Furthermore, my argument regarding objective morality was not purposefully a red herring. I am tasked to refute Kinesis' arguments, which in his own words initially spoke nothing of the internal inconsistency of the Christian Worldview. I'm not driving the debate off topic, rather I'm attempting to refute his arguments as best as I can interpret them. Besides, what harm is there in refuting the resolution on both fronts?

So we've come down to the Christian worldview, which I did address at the end of my last round. Kinesis' entire argument rests on this premise:

An all-good, all-powerful, all-loving God would choose to minimize animal suffering.

Where is the support for this premise? If he is indeed operating within the Christian framework, where are the biblical references that show that God would choose to do this? There is none. It is simply asserted, over and over.

He says, "To argue that vast amounts of animal suffering would be a GOOD thing because God commands it doesn't matter." Why? I did not realize we could toss out arguments on a whim. I've already stated that God is good--by definition. He is also sovereign over his creation. It logically follows that whatever he allows must be for good reason. I could offer speculations, but it's really extraneous. In the Christian worldview, God is good and is the standard of goodness. Anything and everything he does is good.

The only way to show that animal suffering is an exception is to fallaciously inject non-Christian presuppositions into the Christian worldview. This is at the core of Kinesis' fallacy. He presupposes animal suffering is incompatible with God, but he has no warrant to do so. He is using atheistic presuppositions to show internal inconsistency within the Christian worldview. As I said in the last round, you cannot show internal inconsistency using external presuppositions.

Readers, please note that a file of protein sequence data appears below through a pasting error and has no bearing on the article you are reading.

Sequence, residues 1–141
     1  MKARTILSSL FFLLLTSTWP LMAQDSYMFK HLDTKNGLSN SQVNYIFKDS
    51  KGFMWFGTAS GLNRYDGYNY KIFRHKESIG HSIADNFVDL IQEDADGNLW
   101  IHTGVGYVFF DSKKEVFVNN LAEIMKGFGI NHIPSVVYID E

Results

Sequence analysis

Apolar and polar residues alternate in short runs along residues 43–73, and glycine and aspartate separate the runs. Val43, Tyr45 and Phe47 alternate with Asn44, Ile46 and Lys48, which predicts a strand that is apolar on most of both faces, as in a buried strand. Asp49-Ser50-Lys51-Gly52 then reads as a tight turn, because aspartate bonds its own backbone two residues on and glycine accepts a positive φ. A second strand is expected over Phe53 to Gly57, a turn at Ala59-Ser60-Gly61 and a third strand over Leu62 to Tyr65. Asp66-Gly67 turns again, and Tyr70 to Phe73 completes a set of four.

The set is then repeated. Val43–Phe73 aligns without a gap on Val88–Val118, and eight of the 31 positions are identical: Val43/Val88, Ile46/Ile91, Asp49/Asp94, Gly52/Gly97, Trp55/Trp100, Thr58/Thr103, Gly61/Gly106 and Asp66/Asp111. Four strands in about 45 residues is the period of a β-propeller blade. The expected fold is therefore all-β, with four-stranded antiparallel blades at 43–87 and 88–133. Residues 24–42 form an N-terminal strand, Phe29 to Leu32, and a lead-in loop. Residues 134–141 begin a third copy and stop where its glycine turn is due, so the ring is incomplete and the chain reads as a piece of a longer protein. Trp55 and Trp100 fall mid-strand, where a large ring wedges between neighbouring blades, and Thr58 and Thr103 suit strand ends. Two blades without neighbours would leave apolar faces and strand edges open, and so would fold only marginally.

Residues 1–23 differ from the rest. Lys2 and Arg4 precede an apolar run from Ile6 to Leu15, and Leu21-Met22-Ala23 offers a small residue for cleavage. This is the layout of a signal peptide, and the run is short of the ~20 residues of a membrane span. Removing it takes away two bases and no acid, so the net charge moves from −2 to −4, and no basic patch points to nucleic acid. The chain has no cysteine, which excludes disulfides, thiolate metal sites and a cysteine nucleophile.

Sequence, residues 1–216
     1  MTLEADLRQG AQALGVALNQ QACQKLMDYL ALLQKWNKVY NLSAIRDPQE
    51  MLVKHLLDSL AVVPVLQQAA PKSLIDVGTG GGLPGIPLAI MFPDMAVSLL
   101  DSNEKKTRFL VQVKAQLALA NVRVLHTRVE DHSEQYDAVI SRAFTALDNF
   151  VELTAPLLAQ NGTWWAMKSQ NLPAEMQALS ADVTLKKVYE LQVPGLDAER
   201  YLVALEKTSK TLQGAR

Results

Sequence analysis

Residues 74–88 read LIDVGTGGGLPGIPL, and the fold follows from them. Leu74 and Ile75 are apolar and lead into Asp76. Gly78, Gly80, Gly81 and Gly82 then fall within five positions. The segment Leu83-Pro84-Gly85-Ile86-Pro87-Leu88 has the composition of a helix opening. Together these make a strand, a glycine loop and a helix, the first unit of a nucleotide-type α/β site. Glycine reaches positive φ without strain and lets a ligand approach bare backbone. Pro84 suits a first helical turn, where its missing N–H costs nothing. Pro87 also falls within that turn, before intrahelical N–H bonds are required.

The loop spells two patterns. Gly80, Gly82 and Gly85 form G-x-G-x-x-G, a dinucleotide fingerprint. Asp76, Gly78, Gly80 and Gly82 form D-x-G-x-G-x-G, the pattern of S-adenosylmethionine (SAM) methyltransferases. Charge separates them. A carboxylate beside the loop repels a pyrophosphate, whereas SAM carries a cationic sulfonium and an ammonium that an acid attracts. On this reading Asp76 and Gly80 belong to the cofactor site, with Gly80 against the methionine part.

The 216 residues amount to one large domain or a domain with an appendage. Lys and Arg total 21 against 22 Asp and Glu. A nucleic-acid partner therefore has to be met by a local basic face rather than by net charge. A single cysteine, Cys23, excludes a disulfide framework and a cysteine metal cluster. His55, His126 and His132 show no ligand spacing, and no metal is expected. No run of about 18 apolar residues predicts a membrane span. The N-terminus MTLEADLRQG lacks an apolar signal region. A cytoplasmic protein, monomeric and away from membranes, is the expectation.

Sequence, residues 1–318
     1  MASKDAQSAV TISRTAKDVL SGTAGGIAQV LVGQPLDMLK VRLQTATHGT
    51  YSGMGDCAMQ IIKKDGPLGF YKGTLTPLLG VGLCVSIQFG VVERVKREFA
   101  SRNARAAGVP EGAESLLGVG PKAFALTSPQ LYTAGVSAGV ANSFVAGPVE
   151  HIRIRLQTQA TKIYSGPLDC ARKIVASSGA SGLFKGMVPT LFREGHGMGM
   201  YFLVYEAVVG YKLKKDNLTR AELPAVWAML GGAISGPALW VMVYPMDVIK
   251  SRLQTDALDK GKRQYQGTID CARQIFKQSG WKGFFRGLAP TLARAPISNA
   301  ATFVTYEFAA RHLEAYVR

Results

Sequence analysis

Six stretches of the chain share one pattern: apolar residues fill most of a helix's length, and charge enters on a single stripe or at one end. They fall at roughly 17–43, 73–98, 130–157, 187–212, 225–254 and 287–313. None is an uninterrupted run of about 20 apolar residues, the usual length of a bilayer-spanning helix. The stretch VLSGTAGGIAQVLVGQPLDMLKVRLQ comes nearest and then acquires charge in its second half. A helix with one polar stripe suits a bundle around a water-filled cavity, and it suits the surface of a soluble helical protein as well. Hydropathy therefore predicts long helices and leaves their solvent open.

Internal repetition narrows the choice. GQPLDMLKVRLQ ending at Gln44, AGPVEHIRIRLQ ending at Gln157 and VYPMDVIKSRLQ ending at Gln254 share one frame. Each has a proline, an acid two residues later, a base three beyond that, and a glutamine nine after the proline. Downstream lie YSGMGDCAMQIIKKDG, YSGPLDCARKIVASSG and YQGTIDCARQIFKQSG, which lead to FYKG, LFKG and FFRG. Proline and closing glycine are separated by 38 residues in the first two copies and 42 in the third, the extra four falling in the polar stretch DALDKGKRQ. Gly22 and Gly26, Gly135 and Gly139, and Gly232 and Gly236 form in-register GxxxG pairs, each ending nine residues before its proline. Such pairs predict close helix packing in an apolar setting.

What we are left with is the concession that, given atheist presuppositions, the resolution cannot be proven and the failed attempt to show an internal inconsistency within the Christian worldview. I believe this is sufficient to consider the resolution negated.

I want to thank Kinesis for this debate. Given the frustration in isolating the actual debate topic, I am willing to debate this topic again in order to focus on the internal consistency issue. Perhaps a resolution of "Animal suffering contradicts Christian presuppositions." It might help the readers understand, more specifically, the nature of the debate.

I also want to thank those that have been following and commenting on the debate. I'm sure I speak for Kinesis when I say that we'd really appreciate feedback in the comments explaining your votes.
Debate Round No. 3
144 comments have been posted on this debate. Showing 1 through 10 records.
Posted by Kinesis 2 years ago
Kinesis
Yeah, I pretty much agree. I didn't really make much of a positive case in this debate beyond an intuition pump, although Con's primary objection plainly wasn't valid.
Posted by Maikuru 2 years ago
Maikuru
Posting to remind myself to read this.
Posted by SuburbiaSurvivor 2 years ago
SuburbiaSurvivor
I've never heard a rebuttal to the PoE quite like Con's. Brilliant. Pro became upset and incoherent in round III.

Pro had the BOP, and needed to prove that animal suffering was inconsistent with the Christian God. Pro failed to do this.
Posted by Zabcheckmate 3 years ago
Zabcheckmate
An interesting debate. Here's my RFD -->
1. KRF is right to identify this as a version of the problem of evil. However, the attempt to distinguish between Christian and Atheistic worldviews is ultimately meaningless. Kinesis is trying to show that the existence of some event X is proof that God doesn't exist. Suppose I wanted to argue, "God doesn't exist because *corn* does". Such an argument could only be persuasive IF there were some characteristic of corn that made it incompatible with the existence of God. For example, if we suppose that corn is objectively evil, then the "Problem of Corn" argument is fairly persuasive (I know that there are many objections to the problem of evil that address how the existence of evil and the existence of God AREN'T inconsistent, but since none of those came up here, I don't particularly care).
2. What I am left asking myself at the end of this round is, "Is animal suffering objectively evil?" Because there was no burden analysis in this debate regarding this question, I'm left in a rather frustrating position because there . On one hand, there is (obviously) a prima facie case for animal suffering to be evil; my moral intuition is to accept that suffering is generally evil. Still, once KRF contests that intuition, I'm not sure where to stand. I will therefore toss out that intuition, and therefore, the prima facie case that animal suffering is evil.